Thursday, 6 August 2015

Exam results - what if your child fails to make the grade?

 August 13th & 20th are emotional dates in the calendar – often depicted by jubilant smiling children waving glittering results.  But what about those children whose results are not up to scratch and their future looks less secure? How bad might it feel for a child who has been both protected from failure and from being objectively judged before now?  Children today face the additional emotional burden of public shame at the hands of social media.   Can parents help (or make things worse)?

The answer is Yes.  We now know, thanks to neurologial research, that the way parents (or primary carers) react, in this case to their child’s emotional meltdown, is crucially important.  Adult responses determine how quickly their child gets (emotionally) back on track, and it influences the way their child goes on to deal (psychologically) with future challenges and disappointments, in essence adults can subliminally support resilience & self worth. 
The ages between 10-25 are a period of massive brain change, where neurological pathways adapt and mould to fit day-to-day experiences (both situations and people).  The brain learns via mirror neurons, so what a parent says and what they do helps to establish behaviour patterns, which, if well trodden, like sheep tracks ultimately define (future) adult character. 
Parents with children about to open their results may want to know this so they can choose to have a clear plan, rather than leaving their reactions to chance. 

Things to bear in mind

·      When the limbic brain is in meltdown, the pre-frontal cortex shuts – so rational, logical discussion and reflection is not on the agenda.  At this age and stage, the ability to control subcortical feelings of rage, frustration, fear or anxiety is still Work In Progress in the teenage brain too.
·      On results day, Parents ideally should rein in either their frustrated, sympathetic or well-meaning cheerleader comments like: “Failing is good for you”  “So…what now?”  “I told you (subtext when you were glued to those screens) that you should be working!”  “There’s more to life than stupid A’Levels!”  “Don’t worry, you’ll be fine!” Because the teenage brain is black & white and self centred (for good reasons), criticism or brushing it off is likely to be heard as “I’m not important/I don’t matter”.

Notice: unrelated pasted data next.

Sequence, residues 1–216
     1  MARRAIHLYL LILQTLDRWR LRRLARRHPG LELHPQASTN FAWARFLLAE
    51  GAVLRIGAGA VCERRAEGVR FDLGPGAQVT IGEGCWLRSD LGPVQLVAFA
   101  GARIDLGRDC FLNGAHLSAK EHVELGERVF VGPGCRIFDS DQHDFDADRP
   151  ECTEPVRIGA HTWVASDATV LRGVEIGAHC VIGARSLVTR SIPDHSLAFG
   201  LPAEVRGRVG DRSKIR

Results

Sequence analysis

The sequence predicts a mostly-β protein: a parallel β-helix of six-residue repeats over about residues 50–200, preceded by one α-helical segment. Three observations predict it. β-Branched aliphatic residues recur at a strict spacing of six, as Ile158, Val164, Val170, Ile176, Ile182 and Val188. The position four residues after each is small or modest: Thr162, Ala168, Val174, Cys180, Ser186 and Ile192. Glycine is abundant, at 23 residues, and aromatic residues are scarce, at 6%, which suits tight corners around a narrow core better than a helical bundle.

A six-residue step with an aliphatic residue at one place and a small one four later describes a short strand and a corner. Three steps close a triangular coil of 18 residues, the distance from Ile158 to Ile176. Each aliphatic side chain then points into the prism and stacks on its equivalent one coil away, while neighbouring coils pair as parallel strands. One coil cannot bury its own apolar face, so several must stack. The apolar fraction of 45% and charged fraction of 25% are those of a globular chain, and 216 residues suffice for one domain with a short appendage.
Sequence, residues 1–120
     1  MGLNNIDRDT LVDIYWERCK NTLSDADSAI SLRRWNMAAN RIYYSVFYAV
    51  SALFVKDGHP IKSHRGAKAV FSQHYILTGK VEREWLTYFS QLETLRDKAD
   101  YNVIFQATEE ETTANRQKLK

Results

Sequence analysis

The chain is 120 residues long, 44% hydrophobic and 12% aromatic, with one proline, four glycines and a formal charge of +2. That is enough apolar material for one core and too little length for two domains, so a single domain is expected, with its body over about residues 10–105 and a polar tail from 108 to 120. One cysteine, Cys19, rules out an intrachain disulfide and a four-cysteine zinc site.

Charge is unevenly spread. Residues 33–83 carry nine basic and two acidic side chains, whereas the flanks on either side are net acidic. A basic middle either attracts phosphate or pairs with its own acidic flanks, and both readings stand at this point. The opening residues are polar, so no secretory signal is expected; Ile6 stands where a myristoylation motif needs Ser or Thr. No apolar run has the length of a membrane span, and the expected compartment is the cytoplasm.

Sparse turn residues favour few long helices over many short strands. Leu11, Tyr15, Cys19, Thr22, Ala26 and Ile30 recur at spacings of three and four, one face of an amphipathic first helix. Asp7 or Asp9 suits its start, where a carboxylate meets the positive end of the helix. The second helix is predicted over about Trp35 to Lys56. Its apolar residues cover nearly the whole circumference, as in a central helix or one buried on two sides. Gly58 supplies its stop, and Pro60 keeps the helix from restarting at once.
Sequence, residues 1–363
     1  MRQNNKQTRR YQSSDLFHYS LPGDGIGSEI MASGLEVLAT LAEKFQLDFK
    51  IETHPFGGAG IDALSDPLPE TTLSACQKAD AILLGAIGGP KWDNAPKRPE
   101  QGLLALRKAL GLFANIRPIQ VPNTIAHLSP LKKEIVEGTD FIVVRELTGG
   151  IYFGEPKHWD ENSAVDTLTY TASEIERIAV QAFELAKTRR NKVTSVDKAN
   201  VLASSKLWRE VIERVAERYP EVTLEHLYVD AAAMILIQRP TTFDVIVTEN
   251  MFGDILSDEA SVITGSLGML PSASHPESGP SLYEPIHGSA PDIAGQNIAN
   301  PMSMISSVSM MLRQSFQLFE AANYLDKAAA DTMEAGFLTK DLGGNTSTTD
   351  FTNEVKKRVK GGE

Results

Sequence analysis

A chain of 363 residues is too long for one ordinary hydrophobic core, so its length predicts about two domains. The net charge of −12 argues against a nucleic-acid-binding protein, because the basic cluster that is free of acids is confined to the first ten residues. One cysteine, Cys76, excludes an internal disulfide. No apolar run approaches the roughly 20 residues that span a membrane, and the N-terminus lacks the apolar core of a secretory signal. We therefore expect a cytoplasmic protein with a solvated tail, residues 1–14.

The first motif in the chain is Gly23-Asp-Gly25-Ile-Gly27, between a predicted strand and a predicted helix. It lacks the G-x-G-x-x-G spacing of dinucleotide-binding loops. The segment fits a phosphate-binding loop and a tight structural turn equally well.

·      A proactive and effective adult response needs to acknowledge the sadness or frustration and wait for the right moment to have a “what would you like to do next” solution-focused discussion. 
·      This is a period of natural Separation & independence.  Parents can help by not becoming enmeshed in “the problem” and instead be an anchor & a safe haven whilst their child owns their disappointment & sadness.  This is a period of child development where the parent/child dynamic needs to undergo a power shift, moving from being The Manager (You do as I say) to The Consultant (I am here if you need my help/wisdom/counsel)
·      Peer Pressure is a natural biological imperative.  Survival mechanisms, under the control of primitive areas of the brain, drive adolescents to need to be part of a group.  Social media and on-line communicating exacerbates the sense of “You’re in” or “You’re excluded” leaving many children suffering from high levels of anxiety, in this case if they are excluded from exam celebrations & university plans.  Take care that their phone is not exacerbating feelings of low self-worth

According to research, the quality and style of parenting received by a child is a better predictor of success than anything else.  There is no perfect parenting approach, but there are certain qualities, which if evident in family life, can provide the ideal growing conditions for a child, stability being one of them.  As parents ourselves, we know that being a parent today has its challenges.  Information and practical strategies can be supportive and helpful.  We are holding a Day Course for parents of children aged 10-24 in London on 28th September where parents can learn how to develop positive skills, self worth, resilience and confidence in their child.  We are pleased to be working in collaboration with Maudsley Learning, innovative leaders in accessible learning in mental health and wellbeing.  Help is at hand!